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Cervical human papillomavirus infection and intraepithelial neoplasia: a review.

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Department of Gynecologic Oncology, University of Texas M. D. Anderson Cancer Center, Houston 77030, USA.


Cervical human papillomavirus (HPV) infections and intraepithelial neoplasias are precursors to cervical cancer, the second most common cancer in women worldwide. HPV satisfies the epidemiologic criteria for causality; the role of other cofactors is under study. Natural history studies show that most low-grade lesions (productive HPV infections) regress or persist, whereas high-grade lesions (those with integrated HPV DNA) progress. Immunobiologic studies demonstrate that infection peaks in the early 20s, leading to a 10- to 20-year period of persistent infection, before finally progressing to a preinvasive or invasive lesion. Papanicolaou (Pap) screening has lowered the morbidity and mortality from cervical cancer in every country in which screening programs have been introduced. The diagnostic strategy for an abnormal Pap smear includes colposcopy; the role of HPV DNA testing in screening or diagnosis remains unclear. Patients are treated with cervical ablation, cone biopsy, or chemopreventive agents. Efforts to strengthen screening and prevention, as well as new directions for research, are needed.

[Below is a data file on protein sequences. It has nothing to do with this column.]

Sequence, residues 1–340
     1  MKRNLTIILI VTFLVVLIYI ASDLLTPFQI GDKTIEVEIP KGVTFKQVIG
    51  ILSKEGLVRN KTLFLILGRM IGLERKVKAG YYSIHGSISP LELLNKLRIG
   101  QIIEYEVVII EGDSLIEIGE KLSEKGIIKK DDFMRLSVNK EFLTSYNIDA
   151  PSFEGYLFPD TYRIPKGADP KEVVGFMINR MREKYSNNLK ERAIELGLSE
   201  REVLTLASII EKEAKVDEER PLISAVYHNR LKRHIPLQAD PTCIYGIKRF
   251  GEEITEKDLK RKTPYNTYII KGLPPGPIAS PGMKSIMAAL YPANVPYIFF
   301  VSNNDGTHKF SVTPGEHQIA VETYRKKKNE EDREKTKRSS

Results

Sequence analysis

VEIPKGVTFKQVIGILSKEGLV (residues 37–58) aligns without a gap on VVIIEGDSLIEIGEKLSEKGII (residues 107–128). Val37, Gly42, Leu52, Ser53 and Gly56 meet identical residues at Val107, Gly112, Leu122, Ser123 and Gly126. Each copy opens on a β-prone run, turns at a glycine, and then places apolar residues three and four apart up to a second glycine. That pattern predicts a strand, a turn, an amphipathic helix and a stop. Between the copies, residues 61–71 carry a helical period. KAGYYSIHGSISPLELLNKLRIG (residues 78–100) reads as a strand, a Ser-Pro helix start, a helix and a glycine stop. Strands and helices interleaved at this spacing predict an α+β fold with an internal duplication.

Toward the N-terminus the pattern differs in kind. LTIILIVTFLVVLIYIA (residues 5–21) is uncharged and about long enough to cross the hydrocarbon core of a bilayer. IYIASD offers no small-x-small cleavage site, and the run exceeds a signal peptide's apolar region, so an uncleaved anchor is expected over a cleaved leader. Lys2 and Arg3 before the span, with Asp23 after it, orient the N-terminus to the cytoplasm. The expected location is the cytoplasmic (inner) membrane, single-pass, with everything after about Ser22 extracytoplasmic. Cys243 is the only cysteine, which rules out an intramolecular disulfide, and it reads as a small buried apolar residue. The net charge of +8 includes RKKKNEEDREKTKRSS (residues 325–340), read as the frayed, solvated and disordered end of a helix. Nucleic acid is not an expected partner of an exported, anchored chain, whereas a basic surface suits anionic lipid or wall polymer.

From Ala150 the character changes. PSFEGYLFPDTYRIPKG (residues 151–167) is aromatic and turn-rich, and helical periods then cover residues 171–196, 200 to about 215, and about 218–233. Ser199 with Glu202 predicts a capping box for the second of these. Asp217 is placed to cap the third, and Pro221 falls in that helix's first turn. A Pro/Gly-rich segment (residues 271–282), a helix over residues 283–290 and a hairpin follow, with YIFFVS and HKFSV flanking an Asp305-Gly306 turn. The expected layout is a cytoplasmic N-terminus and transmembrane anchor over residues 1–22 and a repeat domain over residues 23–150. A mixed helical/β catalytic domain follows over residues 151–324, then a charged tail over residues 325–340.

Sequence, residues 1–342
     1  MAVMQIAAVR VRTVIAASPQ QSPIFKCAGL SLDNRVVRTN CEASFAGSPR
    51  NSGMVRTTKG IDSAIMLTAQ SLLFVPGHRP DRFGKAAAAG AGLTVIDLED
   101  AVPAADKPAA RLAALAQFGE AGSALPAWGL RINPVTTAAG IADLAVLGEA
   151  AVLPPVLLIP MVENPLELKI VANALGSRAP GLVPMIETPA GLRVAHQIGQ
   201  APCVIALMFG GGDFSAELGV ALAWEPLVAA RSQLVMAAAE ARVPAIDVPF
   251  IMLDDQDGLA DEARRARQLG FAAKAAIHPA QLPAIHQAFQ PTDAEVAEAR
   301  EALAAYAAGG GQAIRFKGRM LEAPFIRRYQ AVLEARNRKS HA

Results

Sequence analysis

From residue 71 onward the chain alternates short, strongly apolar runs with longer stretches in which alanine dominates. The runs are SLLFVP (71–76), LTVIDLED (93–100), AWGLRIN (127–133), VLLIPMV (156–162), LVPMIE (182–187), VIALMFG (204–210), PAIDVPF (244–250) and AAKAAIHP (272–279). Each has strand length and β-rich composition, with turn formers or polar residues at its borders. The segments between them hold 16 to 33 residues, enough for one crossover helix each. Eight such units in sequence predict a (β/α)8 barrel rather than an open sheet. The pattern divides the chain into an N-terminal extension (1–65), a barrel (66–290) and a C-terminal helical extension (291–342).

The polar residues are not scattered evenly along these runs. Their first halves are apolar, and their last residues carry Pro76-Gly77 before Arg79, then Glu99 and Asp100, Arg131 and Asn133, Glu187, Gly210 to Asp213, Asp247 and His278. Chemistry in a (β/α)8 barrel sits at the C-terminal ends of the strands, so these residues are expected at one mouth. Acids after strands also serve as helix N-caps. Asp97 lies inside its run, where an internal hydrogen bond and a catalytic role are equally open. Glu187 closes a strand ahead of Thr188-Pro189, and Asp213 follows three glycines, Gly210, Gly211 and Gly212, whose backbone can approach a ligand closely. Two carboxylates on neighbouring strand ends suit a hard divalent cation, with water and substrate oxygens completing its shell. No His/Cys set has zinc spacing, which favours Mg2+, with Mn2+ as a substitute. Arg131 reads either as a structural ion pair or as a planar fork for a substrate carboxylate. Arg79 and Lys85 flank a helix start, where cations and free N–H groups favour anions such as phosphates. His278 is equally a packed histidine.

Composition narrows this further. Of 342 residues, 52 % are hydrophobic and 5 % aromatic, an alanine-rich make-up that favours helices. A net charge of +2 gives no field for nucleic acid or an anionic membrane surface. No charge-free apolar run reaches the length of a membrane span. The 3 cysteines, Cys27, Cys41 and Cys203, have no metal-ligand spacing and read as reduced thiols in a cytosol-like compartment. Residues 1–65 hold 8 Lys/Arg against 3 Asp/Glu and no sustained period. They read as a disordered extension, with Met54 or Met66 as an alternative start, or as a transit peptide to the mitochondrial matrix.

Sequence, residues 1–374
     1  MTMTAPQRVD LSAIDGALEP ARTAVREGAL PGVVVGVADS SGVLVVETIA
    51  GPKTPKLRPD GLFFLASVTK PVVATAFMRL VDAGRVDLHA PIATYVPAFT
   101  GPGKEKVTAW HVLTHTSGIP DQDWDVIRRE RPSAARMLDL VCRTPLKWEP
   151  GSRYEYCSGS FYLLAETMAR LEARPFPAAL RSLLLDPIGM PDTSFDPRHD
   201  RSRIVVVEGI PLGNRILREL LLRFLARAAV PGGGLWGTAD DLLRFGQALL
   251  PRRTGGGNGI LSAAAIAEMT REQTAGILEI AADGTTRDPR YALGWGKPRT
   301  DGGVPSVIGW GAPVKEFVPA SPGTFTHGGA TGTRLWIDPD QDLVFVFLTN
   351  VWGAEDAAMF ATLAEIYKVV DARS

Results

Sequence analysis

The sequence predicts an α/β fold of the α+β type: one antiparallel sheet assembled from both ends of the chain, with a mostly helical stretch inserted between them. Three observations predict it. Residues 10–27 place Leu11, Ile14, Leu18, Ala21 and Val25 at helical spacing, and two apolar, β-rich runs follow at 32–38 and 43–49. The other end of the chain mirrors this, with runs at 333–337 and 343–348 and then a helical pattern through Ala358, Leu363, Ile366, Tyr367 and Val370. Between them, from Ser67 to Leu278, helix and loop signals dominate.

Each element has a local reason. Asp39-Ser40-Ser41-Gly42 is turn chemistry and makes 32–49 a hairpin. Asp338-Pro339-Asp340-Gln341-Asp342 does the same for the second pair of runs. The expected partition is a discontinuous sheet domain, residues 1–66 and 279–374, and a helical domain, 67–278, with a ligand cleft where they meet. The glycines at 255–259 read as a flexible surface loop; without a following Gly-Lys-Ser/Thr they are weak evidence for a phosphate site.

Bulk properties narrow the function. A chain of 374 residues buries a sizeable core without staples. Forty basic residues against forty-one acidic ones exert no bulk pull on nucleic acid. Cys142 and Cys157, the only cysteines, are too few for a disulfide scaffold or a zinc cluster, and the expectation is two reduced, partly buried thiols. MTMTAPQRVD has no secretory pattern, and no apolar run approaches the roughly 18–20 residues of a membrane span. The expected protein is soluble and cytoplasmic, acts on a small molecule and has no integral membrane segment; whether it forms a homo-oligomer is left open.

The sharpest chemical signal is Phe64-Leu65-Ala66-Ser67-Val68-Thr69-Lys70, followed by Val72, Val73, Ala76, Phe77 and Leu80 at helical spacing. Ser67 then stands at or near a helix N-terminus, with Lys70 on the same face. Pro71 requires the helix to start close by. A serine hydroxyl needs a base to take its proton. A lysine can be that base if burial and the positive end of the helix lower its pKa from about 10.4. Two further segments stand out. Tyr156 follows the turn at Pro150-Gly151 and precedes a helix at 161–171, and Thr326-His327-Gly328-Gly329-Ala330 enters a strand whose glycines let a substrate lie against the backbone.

[Indexed for MEDLINE]

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